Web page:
Jewish scientist, first woman elected mayor of Mexico City, takes office
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Jewish scientist, first woman elected mayor of Mexico City, takes office

Claudia Sheinbaum, an ally of Mexico’s new left-wing President Andres Manuel Lopez Obrador, issues strong anti-corruption message at inauguration

Mexican President Andres Manuel Lopez Obrador (R) raises the hand of Mexico City's new mayor Claudia Sheinbaum (L), after her swearing-in ceremony at the local Congress in Mexico City on December 05, 2018 (ALFREDO ESTRELLA / AFP)
Mexican President Andres Manuel Lopez Obrador (R) raises the hand of Mexico City's new mayor Claudia Sheinbaum (L), after her swearing-in ceremony at the local Congress in Mexico City on December 05, 2018 (ALFREDO ESTRELLA / AFP)

MEXICO CITY, Mexico (AFP) — The first woman elected mayor of Mexico City was sworn in Wednesday for a six-year term leading one of the world’s largest cities, in a country with a deep tradition of machismo.

Claudia Sheinbaum, a 56-year-old scientist and environmentalist, rode to victory in the July elections on the same anti-establishment wave that brought her ally and mentor to power, Mexico’s new President Andres Manuel Lopez Obrador.

Grinning, Lopez Obrador — himself a former Mexico City mayor — raised Sheinbaum’s hand in a sign of victory after she took the oath of office before the city legislature. It was a potent symbol of the radical shift in Mexican politics, now dominated by the left-wing party he founded four years ago, Morena.

Sheinbaum echoed Lopez Obrador’s fervent anti-corruption message in her inaugural address.

“We are beginning a new era of honesty and eradicating the privileges long enjoyed by top officials,” she said.

“The first thing we will do is put an end to abuses. As of now, we are reestablishing democracy and political freedom.”

She vowed to end “the privatization of public spaces” in the sprawling capital of more than eight million inhabitants, whose greater urban area is home to some 20 million people.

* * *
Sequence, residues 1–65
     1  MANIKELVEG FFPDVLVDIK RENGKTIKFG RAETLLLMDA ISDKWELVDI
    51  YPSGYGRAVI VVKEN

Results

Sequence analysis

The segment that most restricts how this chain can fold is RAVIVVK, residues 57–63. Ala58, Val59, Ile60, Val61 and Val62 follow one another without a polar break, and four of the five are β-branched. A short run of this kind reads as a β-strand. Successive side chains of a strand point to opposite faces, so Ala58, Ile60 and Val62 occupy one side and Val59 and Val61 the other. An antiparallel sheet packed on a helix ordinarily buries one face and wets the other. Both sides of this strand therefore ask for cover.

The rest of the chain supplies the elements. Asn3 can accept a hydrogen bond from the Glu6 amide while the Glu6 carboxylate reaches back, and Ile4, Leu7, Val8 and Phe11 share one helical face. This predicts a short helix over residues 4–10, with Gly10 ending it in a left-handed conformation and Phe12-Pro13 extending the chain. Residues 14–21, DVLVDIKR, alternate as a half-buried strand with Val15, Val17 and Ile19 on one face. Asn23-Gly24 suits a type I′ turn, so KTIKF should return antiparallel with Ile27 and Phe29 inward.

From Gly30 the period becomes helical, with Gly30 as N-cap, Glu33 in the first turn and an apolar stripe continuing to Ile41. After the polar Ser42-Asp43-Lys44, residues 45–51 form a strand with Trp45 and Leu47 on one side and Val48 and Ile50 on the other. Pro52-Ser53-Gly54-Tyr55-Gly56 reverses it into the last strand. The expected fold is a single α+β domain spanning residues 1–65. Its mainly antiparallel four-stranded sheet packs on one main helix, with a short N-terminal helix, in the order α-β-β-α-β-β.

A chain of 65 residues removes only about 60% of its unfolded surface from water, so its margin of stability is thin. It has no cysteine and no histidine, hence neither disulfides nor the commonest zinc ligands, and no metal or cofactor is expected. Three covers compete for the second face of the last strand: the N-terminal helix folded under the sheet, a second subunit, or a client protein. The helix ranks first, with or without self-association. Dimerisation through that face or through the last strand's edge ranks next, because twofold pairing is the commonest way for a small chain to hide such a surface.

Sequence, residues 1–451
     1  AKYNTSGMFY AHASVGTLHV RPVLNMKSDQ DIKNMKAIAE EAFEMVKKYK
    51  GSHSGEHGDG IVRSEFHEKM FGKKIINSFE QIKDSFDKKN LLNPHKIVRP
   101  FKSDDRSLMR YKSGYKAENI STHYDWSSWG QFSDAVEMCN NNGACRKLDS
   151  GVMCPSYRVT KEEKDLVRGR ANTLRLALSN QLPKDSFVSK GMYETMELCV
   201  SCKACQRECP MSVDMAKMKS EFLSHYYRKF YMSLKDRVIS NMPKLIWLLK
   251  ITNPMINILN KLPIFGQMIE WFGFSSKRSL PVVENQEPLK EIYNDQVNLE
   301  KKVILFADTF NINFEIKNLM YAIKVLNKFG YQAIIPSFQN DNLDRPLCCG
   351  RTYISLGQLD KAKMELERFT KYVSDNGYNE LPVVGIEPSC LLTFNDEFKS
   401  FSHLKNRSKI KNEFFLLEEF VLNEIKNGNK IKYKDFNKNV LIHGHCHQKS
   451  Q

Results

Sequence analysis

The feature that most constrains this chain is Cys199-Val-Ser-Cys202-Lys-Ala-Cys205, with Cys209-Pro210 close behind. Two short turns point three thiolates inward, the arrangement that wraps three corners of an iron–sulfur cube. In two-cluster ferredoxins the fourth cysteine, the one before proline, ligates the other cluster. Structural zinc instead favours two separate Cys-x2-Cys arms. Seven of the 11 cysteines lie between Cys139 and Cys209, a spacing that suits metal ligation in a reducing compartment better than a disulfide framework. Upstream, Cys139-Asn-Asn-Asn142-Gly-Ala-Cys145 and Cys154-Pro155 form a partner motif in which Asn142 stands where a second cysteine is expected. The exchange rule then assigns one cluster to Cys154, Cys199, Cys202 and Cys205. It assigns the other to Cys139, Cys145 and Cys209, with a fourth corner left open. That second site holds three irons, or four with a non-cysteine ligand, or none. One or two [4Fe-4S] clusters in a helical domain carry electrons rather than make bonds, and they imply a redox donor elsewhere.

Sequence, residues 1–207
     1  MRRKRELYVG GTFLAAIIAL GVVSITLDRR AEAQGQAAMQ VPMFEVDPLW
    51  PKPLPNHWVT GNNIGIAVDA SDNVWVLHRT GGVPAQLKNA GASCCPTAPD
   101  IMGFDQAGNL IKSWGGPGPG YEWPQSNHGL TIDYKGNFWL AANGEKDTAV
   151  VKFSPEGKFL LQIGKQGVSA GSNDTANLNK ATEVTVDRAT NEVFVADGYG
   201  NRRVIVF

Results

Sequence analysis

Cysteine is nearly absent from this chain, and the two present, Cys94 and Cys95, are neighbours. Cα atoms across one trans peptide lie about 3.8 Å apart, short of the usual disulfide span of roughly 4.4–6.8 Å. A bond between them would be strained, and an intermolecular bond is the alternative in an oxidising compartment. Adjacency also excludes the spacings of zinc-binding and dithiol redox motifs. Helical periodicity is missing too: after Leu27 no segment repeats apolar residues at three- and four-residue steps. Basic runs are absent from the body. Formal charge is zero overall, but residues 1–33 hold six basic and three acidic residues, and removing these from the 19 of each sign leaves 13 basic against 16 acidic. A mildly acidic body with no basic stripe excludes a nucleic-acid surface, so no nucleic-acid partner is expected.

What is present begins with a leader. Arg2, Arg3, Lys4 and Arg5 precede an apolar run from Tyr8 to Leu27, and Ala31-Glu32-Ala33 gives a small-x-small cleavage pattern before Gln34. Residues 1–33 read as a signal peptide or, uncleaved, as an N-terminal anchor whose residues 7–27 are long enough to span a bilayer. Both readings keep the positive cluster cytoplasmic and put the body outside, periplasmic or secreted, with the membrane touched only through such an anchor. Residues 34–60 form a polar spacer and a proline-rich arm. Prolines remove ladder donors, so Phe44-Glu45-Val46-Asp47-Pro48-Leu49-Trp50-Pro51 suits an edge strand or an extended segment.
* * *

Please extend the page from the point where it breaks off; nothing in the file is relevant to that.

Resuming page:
And she promised to fight violence against women, in a country where gender inequality runs deep and more than seven women and girls are murdered each day, according to the United Nations.

Another woman previously served as Mexico City mayor on an interim basis — Rosario Robles, from 1999 to 2000 — but Sheinbaum is the first woman elected to the post.

Rapid rise

Sheinbaum, who hails from a family of Jewish scientists, studied physics at the National Autonomous University of Mexico, earning a doctorate in energy engineering and going on to work as a consultant for the United Nations.

She was active in the university’s student movement, which rose up against an unpopular series of reforms at the institution in 1986.

She was one of many veterans of the movement to go into politics.

When Lopez Obrador was elected Mexico City mayor in 2000, he named Sheinbaum his environment minister.

Newly elected Mexico City Mayor Claudia Sheinbaum speaks after swearing-in during a ceremony at the local Congress in Mexico City on December 05, 2018. (STR / AFP)

She followed the fiery leader when he split with Mexico’s established left-wing party, the Party of the Democratic Revolution (PRD), to launch Morena in 2014.

The following year, she won an election for district mayor of Mexico City’s Tlalpan neighborhood, Lopez Obrador’s own district and one of the 16 “delegations” that make up the city.

That was her launch pad for her mayoral campaign.

But her rapid rise has not been without controversy.

When a private elementary school in her district collapsed in the earthquake that rocked Mexico on September 19, 2017 — killing 19 children and seven adults inside — it emerged that the local government had granted dodgy construction permits to the school’s owner, who is today on the run from the law.

A group of victims’ families has brought criminal charges over the case, and wants Sheinbaum to face investigation.

After she cast her ballot in the July 1 elections, a protester shouted “Murderer!” at her as she left the polling station.

Sheinbaum vehemently denies responsibility for the school’s collapse, and accuses her opponents of exploiting the tragedy for political gain.

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